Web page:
Saudi’s growing disillusionment with the US goes back to President Barack Obama’s apparent support of the Muslim Brotherhood in Egypt’s civil upheaval, his failure to support General Sisi’s interim government, and his cutting off of a substantial tranche of military funding. Saudi Arabia and other Gulf states, which have more than made good the shortfall, perceive Obama to be bolstering extremists seeking to destabilise “moderate” Arab governments.
Obama’s failure to act in the Syrian conflict against the Assad régime, supported as it is by Iran and Iran’s satellite fighting force Hezbollah, was a further cause of disillusion on the part of Saudi Arabia. Their disenchantment with the US was finally confirmed by Obama’s approach to Assad’s horrific chemical attack of August 2013 against both opposition forces and any civilians who happened to get in the way. All Obama’s threats to take military action in such an eventuality came to nothing. Through the good offices of Russia, Assad’s chemical stockpile is indeed being destroyed – but Assad himself remains in power, perhaps as a quid pro quo, and the Shi’ite crescent, which includes Iran and Hezbollah, is, if anything, strengthened.
Israel too, while studiously keeping clear of the civil conflict in Syria, has been only too well aware of the Iranian-Hezbollah connection, and – without acknowledging it – is generally held to have ensured that advanced weaponry shipped to Syria for onward transmission to Hezbollah never reached its destination.  RT is the first Russian 24-hour English-language TV news channel. Their website recently reported: “Israel and Saudi Arabia, who don’t have diplomatic relations, are rumored to be creating an alliance, which may well become the region’s new ‘super power.’ Despite their differences,” says RT, “Israel and Saudi Arabia share views on some of the most pressing regional issues, as they both want régime change in Syria, with Saudi Arabia strongly backing the rebels; both see Iran as their main geopolitical rival and want to neutralize the Islamic state; and both stand united in their backing of the military government in Egypt, which has taken a strong stance against the Islamists.”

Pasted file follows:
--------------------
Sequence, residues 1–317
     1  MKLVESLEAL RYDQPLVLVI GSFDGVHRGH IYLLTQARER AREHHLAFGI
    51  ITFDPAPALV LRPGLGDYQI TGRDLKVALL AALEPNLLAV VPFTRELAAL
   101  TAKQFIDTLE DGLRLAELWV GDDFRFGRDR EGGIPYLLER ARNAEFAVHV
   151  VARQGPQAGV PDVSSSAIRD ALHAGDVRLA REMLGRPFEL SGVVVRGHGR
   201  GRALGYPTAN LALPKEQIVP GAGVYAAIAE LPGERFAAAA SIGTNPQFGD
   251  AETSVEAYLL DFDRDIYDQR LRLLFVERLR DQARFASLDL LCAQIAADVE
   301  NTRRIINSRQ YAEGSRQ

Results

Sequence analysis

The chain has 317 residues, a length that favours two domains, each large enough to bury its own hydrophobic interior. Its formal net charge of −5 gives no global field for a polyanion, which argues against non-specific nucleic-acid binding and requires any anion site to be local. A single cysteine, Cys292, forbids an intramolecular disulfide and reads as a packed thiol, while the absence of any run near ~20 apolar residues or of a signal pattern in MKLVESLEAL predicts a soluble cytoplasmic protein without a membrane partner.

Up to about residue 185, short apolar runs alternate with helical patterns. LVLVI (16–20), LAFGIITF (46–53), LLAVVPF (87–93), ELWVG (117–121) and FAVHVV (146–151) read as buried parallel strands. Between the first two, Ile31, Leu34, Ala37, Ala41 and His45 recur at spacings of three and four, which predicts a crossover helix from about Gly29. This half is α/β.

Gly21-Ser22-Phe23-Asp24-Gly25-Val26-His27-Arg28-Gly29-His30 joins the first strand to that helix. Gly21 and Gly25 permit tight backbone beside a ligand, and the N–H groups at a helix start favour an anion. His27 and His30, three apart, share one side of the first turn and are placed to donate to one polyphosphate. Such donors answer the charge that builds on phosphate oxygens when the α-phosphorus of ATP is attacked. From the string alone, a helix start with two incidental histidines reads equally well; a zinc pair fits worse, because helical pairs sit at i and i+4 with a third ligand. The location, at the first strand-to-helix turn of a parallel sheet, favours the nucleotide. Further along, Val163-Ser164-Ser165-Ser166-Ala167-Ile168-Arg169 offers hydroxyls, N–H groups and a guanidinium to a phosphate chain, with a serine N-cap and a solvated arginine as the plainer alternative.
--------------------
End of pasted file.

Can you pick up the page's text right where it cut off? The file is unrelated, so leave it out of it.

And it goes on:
Investigative journalist Robert Parry told RT that although neither Saudi Arabia nor Israel is picking an open fight with Big Brother, “if the two of them were to collaborate more formally on some of these issues like Syria, Iran or Egypt, that could put the US in a position of not being able to work its will with quite the freedom that it has in the past.”
This may explain the latest flying visit to the Middle East by US Secretary of State, John Kerry. He made straight for Cairo on November 3, pledged wholesale support for the Egyptian people’s struggle for democracy, neatly side-stepped questions about Washington’s decimation of its military aid to the interim government, and departed immediately for Riyadh to mend fences with Saudi Arabia.
Kerry said that this latest mission is at the direct behest of President Obama. It seems clear that Washington is becoming concerned at reports that Israel has been holding a series of meetings with prominent figures from a number of Gulf and other Arab states, under the direct supervision of Prime Minister Binyamin Netanyahu. 
On October 1, Netanyahu addressed the 68th session of the UN General Assembly. One passage in his speech has not been widely reported. Shared concerns over Iran’s nuclear program, he said, “have led many of our Arab neighbors to recognize that Israel is not their enemy,” and created an opportunity to “build new relationships.”
Building seems to have started.
The writer is the author of One Year in the History of Israel and Palestine (2011) and writes the blog “A Mid-East Journal” (